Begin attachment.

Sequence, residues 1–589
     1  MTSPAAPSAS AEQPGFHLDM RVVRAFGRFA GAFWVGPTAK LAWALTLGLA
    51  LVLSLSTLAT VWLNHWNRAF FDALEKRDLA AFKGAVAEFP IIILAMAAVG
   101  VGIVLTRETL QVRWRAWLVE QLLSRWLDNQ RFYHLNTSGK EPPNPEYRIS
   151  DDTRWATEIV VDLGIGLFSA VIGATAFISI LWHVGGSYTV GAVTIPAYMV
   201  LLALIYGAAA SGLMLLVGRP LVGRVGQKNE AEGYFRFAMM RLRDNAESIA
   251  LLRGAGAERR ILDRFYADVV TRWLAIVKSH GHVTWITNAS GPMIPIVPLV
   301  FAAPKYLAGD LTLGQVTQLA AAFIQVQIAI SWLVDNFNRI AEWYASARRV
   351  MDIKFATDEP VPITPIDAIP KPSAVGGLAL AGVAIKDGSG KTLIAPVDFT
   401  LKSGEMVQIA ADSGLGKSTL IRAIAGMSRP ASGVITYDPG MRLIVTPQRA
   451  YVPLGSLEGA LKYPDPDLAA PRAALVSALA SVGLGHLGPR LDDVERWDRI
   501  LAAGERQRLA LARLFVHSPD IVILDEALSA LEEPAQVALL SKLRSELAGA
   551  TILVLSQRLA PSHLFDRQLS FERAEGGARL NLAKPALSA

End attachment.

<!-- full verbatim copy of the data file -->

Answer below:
Sequence, residues 1–589
     1  MTSPAAPSAS AEQPGFHLDM RVVRAFGRFA GAFWVGPTAK LAWALTLGLA
    51  LVLSLSTLAT VWLNHWNRAF FDALEKRDLA AFKGAVAEFP IIILAMAAVG
   101  VGIVLTRETL QVRWRAWLVE QLLSRWLDNQ RFYHLNTSGK EPPNPEYRIS
   151  DDTRWATEIV VDLGIGLFSA VIGATAFISI LWHVGGSYTV GAVTIPAYMV
   201  LLALIYGAAA SGLMLLVGRP LVGRVGQKNE AEGYFRFAMM RLRDNAESIA
   251  LLRGAGAERR ILDRFYADVV TRWLAIVKSH GHVTWITNAS GPMIPIVPLV
   301  FAAPKYLAGD LTLGQVTQLA AAFIQVQIAI SWLVDNFNRI AEWYASARRV
   351  MDIKFATDEP VPITPIDAIP KPSAVGGLAL AGVAIKDGSG KTLIAPVDFT
   401  LKSGEMVQIA ADSGLGKSTL IRAIAGMSRP ASGVITYDPG MRLIVTPQRA
   451  YVPLGSLEGA LKYPDPDLAA PRAALVSALA SVGLGHLGPR LDDVERWDRI
   501  LAAGERQRLA LARLFVHSPD IVILDEALSA LEEPAQVALL SKLRSELAGA
   551  TILVLSQRLA PSHLFDRQLS FERAEGGARL NLAKPALSA